oSHA also requires that employees be given “safe”

work places and that all equipment and machinery be working properly. Typically, oSHA will have detailed specific rules such as requiring that the front of steps be marked with some type of visible marker including yellow paint.

Main Points:

1. As an offshore worker, there are many rules in place that are meant to protect your safety and your life. Un-fortunately, employers do not always follow these regu-lations. You can also type “OSHA regulations” into Google and click the first link. You will then need to click the third link labeled “Maritime” near the middle of the page.

1. your employer’s responsibility to provide this to you.

2. Some examples of “unsafe” conditions are inexpe-rienced or improperly trained crew, faulty machinery, poor maintenance, defective equipment, dangerous conditions, insufficient crew, tools used improperly, unsafe recreation facilities, lack of proper safety ment and gear, slick surfaces, and old, rusted equip-ment.

3. Your employer also has the duty to properly train you and your coworkers.

4. The Jones Act further requires that employers pro-vide enough workers to perform the assigned job safely.

5. The Jones Act also specifies that employers must follow the additional guidelines provided by the Amer-ican Petroleum Institute, the Coast Guard, and oSHA.

5 Tactics Your Company Will Use After Your Injury

1. Most maritime companies try to take a recorded statement from you immediately following your injury.

Many companies will hire insurance company repre-sentatives to “investigate” your claim. These represen-tatives typically tell you that they are trying to help you with your claim and they “just want to document your injury.”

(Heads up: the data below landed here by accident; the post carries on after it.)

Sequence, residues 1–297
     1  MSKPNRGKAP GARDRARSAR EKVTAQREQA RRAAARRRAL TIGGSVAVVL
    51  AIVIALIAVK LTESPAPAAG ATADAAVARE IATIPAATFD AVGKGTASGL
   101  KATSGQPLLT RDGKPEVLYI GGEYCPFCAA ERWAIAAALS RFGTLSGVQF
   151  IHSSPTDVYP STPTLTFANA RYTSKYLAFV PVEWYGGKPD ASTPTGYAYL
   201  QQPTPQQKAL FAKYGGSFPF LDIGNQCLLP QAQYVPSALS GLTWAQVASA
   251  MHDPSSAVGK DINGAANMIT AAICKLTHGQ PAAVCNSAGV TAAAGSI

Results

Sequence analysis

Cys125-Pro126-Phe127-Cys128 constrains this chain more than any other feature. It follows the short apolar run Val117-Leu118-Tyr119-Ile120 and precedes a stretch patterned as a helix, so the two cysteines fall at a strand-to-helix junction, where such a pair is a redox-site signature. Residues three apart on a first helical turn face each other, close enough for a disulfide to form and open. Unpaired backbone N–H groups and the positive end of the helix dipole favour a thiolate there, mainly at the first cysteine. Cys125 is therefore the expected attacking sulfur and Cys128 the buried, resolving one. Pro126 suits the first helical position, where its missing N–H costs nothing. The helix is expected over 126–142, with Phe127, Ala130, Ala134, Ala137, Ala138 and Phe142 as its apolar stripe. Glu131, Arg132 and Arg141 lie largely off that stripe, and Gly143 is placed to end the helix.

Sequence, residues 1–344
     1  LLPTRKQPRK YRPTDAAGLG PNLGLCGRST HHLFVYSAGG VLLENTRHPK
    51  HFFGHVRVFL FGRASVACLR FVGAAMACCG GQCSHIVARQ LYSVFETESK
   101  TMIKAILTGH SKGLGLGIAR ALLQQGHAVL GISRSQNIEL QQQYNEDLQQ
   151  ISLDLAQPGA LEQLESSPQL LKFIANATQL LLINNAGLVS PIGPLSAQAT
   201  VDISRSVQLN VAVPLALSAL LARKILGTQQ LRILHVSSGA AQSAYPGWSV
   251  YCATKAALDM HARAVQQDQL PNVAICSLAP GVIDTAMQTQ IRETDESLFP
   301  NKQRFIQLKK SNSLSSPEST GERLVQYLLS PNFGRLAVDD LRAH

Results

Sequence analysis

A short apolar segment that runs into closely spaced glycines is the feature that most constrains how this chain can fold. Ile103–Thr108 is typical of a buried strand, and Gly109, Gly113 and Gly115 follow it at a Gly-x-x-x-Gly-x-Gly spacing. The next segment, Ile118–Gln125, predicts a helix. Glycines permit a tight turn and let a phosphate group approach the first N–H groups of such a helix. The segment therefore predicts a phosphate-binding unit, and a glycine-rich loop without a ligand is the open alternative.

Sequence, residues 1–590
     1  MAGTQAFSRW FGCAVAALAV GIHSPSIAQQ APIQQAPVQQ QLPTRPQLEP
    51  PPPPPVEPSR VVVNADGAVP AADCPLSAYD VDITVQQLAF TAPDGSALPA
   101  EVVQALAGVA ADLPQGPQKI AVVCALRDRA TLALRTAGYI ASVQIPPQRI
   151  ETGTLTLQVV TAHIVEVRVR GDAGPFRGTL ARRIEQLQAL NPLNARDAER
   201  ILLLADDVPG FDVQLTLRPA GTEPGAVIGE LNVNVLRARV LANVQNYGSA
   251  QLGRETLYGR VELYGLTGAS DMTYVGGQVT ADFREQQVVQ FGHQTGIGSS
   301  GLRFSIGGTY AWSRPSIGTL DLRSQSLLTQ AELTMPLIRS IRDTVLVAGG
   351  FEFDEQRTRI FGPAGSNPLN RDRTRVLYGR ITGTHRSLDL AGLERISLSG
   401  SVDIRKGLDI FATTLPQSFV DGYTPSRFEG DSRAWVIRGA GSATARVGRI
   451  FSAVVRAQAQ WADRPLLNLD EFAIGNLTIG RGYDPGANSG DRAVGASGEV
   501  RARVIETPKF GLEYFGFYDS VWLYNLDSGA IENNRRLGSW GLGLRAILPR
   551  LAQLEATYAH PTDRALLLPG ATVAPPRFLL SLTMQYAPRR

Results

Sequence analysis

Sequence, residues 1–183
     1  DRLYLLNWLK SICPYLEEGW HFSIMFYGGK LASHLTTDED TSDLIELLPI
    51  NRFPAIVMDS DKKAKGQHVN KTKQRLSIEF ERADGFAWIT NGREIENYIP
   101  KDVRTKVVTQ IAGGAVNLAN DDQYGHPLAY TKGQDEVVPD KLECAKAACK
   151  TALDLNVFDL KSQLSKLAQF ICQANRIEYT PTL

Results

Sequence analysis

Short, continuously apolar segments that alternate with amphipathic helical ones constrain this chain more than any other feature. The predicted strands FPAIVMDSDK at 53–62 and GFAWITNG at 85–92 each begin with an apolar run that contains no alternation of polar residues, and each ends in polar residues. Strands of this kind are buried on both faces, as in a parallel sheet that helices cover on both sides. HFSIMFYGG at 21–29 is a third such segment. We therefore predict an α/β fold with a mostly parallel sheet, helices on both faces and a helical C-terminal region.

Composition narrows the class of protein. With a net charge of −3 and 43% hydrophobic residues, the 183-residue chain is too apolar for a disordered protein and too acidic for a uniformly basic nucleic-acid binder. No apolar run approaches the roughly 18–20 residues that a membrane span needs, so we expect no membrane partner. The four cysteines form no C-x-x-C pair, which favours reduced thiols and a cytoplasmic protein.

Do not believe these insurance company represen-tatives. They work for your company, NoT you. In almost all cases the reason they are taking a recorded statement from you is to ask detailed questions about your background, accident and injury in order to (1) prove that they were not at fault for your accident, (2) prove you may have been at fault for your accident, and (3) catch you in a misstatement about anything (see item 5 below). You should never provide a tape recorded statement to your company or its insurance representa-tive.

2. Your company will obtain surveillance on you.

Maritime companies try to obtain surveillance not only after a lawsuit is filed but, incredibly, sometimes within days of your accident and injury. We have seen many cases in which within two to three days the company

has hired private investigators to document the injured worker’s daily activities. If you are continuing to work outside and trying to perform regular activities following your injury, your company may be trying to obtain videotape of such activi-ties. Very often companies will refuse to pay for medical treat-ment based upon videotape that they have obtained of you.

3. Your company will insist that you receive treat-ment from their chosen doctor. Even though maritime law is very clear that an injured worker has the right to choose his own treating physician, almost every mari-time company will insist that an injured worker receive medical treatment from a doctor that it chooses. This can be devastating to you and your future.

If you receive treatment from a company-chosen physician, sometimes it is impossible to prove the na-ture of your injury. Most company-chosen physicians refuse or delay required medical testing which could prove the nature of your injury. Most company phy-sicians will simply suggest that you wait several weeks following your injury to see if it resolves itself. These doctors very often encourage you to “try” to return to